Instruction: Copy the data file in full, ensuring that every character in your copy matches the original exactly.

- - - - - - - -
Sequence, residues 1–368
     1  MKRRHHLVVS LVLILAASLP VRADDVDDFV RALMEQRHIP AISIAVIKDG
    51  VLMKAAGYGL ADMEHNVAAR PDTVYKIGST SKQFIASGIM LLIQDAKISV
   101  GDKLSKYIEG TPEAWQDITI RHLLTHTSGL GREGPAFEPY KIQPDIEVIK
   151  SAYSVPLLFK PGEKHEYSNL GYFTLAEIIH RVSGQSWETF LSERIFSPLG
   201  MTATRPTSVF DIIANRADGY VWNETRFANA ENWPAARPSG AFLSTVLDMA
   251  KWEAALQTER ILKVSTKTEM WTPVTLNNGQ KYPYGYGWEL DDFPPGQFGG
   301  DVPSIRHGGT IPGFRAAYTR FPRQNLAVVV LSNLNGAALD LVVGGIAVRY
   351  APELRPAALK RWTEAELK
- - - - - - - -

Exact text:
Sequence, residues 1–368
     1  MKRRHHLVVS LVLILAASLP VRADDVDDFV RALMEQRHIP AISIAVIKDG
    51  VLMKAAGYGL ADMEHNVAAR PDTVYKIGST SKQFIASGIM LLIQDAKISV
   101  GDKLSKYIEG TPEAWQDITI RHLLTHTSGL GREGPAFEPY KIQPDIEVIK
   151  SAYSVPLLFK PGEKHEYSNL GYFTLAEIIH RVSGQSWETF LSERIFSPLG
   201  MTATRPTSVF DIIANRADGY VWNETRFANA ENWPAARPSG AFLSTVLDMA
   251  KWEAALQTER ILKVSTKTEM WTPVTLNNGQ KYPYGYGWEL DDFPPGQFGG
   301  DVPSIRHGGT IPGFRAAYTR FPRQNLAVVV LSNLNGAALD LVVGGIAVRY
   351  APELRPAALK RWTEAELK